It's not only newspapers that are closing. So, too, are news websites. The latest casualty is Livenews.com.au, where this message now greets readers:


What price content?

Posted September 14th, 2009 by debritz

I think most of us will end up paying for some news content on the web. The challenge for the big media groups and other web publishers now is to make it worth buying. And that means developing unique content rather than regurgitating (sorry, aggregating) stuff that's available elsewhere. It's amazing how many "news" sites currently rely on photo galleries and second- or third-hand celeb gossip to get hits rather than play to the strength of content generated by their own journalists. Having said all that, the readers of one website that does provide often-provoking original content (albeit opinion rather than news), The Punch, don't seem to be convinced yet -- if the results so far of their own push poll are to be believed.

PS: APN News & Media chief executive Brendan Hopkins talks here in The Australian about a "two-tiered" system, where consumers and companies (like Google) that use the content both pay. Again, of course, the content has to be worth buying.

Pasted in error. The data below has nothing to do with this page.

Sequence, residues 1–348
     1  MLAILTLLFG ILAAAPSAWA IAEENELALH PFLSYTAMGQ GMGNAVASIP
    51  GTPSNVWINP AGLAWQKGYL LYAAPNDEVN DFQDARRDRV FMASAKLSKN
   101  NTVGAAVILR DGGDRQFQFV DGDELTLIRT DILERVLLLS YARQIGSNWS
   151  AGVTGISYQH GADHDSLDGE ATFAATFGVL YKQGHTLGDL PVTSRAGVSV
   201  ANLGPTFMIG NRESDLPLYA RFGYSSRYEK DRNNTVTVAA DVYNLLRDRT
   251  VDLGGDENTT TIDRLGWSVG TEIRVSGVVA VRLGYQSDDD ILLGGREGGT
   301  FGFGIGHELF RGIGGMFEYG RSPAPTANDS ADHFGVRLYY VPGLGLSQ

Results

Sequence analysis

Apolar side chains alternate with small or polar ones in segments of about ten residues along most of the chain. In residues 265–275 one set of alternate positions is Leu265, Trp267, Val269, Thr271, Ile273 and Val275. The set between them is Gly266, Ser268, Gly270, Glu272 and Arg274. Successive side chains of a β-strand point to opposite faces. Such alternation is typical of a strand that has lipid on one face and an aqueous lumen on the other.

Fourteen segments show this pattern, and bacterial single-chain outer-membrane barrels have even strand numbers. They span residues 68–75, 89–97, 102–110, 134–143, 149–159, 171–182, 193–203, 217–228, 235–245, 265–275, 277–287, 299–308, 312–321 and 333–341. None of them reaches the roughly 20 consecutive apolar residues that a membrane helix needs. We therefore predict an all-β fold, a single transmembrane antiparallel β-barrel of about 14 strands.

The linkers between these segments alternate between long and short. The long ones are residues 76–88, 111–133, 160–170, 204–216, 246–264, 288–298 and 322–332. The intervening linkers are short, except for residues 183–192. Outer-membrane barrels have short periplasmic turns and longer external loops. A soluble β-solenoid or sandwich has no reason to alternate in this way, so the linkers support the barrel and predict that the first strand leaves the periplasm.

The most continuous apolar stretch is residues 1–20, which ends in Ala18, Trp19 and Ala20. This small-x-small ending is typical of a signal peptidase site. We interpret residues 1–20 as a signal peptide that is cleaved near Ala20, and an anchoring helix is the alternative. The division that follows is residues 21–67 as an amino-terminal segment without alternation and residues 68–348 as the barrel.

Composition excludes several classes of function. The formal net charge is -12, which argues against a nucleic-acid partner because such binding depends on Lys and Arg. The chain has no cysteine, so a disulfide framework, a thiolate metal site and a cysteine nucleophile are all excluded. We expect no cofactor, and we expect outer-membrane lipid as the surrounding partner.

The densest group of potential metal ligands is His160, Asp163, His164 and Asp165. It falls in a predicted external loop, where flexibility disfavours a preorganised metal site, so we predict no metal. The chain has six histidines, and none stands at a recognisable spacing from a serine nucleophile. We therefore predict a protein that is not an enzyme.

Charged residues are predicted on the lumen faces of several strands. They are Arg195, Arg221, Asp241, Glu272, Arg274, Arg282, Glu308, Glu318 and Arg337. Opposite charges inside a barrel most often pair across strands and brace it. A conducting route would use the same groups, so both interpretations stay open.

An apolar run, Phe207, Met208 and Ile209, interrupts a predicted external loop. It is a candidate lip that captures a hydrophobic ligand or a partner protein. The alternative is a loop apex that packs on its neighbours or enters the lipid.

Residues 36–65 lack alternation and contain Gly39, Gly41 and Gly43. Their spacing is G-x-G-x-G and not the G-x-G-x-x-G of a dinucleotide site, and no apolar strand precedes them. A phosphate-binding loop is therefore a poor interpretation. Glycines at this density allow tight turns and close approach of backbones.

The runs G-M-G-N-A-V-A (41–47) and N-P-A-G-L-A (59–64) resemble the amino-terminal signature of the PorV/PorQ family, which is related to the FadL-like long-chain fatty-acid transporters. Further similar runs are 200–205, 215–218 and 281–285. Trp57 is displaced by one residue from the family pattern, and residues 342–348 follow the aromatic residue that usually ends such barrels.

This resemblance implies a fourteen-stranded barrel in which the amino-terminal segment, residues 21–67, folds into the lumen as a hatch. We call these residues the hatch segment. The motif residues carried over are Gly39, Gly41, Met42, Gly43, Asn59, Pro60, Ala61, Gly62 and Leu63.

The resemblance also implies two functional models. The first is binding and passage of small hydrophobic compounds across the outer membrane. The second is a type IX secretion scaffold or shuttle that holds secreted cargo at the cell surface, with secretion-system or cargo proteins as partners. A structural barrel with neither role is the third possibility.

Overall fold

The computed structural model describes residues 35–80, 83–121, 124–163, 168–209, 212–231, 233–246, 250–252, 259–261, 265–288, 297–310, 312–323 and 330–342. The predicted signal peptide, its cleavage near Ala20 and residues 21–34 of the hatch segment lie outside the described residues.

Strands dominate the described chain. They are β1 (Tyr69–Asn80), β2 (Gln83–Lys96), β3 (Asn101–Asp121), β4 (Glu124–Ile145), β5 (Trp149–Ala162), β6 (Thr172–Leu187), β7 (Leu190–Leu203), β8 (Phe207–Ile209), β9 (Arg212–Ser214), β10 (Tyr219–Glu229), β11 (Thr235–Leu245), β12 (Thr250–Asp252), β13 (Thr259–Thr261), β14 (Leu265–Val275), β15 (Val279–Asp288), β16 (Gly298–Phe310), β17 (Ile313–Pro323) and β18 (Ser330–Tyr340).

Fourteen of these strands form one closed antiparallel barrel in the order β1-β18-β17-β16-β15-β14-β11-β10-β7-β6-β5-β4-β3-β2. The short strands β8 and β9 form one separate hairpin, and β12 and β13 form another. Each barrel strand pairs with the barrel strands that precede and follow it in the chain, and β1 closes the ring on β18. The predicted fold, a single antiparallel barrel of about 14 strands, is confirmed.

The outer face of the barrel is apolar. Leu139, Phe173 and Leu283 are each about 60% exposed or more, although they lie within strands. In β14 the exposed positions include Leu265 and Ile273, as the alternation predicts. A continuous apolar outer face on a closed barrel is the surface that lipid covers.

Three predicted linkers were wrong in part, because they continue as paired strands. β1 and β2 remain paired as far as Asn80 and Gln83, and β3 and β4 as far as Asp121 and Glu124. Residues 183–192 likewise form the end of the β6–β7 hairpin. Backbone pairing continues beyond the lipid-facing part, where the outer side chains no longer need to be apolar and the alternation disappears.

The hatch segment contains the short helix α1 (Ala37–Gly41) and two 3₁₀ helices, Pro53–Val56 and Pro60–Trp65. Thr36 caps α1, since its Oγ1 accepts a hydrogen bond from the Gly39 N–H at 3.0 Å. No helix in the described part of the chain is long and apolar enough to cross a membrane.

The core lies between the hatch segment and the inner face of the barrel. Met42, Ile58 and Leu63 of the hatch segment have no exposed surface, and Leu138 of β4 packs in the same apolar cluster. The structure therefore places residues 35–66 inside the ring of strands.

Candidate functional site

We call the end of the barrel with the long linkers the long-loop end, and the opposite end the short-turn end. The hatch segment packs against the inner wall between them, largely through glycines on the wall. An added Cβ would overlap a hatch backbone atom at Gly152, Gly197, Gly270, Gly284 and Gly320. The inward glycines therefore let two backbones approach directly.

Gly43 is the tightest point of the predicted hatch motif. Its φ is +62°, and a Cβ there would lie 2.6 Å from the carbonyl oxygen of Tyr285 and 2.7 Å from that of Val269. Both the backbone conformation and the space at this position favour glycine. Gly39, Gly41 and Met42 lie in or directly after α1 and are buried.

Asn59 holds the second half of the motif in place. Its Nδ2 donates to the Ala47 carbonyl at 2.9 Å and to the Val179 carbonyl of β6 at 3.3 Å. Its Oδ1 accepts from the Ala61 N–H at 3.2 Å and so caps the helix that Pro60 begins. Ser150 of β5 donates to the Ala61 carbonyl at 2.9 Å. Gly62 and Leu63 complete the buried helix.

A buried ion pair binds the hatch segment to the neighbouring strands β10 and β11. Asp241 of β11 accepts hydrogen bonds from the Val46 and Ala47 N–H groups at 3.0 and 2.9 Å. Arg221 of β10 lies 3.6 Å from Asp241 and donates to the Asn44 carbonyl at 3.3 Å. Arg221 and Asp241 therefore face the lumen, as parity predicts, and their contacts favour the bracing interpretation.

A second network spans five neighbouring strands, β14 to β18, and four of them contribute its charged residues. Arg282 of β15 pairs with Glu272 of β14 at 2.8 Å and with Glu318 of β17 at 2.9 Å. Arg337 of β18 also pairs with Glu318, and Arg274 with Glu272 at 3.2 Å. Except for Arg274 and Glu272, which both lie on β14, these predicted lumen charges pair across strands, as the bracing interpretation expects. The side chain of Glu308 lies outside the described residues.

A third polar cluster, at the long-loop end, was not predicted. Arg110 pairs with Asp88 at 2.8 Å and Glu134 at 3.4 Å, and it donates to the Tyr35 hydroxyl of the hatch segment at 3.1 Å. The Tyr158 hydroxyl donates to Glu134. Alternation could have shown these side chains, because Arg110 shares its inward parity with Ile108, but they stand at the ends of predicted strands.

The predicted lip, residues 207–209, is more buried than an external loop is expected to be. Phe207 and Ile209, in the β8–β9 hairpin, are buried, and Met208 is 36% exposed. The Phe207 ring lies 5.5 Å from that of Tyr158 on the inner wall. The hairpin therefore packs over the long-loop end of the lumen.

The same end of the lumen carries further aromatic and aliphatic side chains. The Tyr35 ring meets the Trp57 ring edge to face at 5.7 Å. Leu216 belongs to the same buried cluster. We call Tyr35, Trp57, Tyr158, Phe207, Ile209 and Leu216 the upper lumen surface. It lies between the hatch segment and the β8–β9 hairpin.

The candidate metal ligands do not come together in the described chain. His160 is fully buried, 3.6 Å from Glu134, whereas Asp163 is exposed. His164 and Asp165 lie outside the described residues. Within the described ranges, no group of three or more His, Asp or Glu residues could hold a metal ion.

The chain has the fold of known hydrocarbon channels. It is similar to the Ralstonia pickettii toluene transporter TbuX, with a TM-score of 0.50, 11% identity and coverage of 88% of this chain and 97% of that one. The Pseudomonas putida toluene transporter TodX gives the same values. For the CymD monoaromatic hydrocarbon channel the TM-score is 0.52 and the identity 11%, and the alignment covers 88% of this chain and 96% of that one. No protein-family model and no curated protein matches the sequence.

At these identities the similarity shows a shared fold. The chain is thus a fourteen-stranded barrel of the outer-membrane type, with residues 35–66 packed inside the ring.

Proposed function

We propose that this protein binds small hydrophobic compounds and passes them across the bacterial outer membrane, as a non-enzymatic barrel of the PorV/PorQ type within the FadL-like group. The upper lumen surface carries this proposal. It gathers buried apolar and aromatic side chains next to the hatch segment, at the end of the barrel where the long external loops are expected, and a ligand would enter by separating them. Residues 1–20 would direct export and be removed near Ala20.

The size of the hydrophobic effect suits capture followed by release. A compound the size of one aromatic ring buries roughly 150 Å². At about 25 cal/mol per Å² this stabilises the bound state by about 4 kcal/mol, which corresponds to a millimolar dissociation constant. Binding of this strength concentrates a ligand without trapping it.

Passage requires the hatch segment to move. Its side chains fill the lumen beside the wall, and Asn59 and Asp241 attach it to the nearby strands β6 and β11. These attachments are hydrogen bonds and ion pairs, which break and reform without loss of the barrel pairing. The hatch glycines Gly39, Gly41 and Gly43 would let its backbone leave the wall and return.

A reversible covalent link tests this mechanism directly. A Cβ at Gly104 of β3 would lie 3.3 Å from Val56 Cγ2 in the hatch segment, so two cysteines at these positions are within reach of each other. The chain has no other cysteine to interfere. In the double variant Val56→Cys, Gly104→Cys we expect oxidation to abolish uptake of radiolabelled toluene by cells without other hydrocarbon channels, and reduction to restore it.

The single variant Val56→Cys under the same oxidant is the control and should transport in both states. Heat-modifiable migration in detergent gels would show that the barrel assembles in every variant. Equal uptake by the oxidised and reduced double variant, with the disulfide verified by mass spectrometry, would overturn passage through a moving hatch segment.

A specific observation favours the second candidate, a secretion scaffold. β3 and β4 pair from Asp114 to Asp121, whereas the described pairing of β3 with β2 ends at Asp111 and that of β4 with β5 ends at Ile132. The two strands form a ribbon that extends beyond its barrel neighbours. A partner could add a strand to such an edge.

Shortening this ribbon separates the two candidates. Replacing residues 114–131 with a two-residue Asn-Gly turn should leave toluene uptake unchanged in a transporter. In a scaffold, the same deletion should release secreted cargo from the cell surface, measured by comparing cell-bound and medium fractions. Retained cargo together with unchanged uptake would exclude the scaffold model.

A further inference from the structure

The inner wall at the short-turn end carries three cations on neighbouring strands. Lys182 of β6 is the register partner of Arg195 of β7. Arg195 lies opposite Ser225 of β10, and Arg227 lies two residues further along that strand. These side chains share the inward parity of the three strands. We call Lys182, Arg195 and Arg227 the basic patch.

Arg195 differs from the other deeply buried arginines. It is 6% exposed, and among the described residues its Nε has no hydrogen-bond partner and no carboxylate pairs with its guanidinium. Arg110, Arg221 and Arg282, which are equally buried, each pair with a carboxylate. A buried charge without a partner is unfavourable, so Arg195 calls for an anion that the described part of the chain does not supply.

Deal or no deal?

Posted September 12th, 2009 by debritz

We've all received lottery scams by email (just check you junk folder, there's probably one there amid all the variations on the Nigerian scam), but what's the status of this offer that arrived in my letter box via snail mail? It came as part of the "Yellow Envelope" promotion and it promises the chance to win $8000 if I send for free information about playing the EuroMillions lottery from Australia. Now, the EuroMillions is a real thing -- I bought tickets while I was in the UK -- but is this offer legit or isn't it? Since they are offering a cash prize and the return address is in Sydney (Double Bay, no less), but the card doesn't include a NSW government registration number, I'm very suspicious.

PS: Exactly 29 minutes after I posted this item, I received a spam response linking to a the "lottery mega millions" website.

On the up

Posted September 6th, 2009 by debritz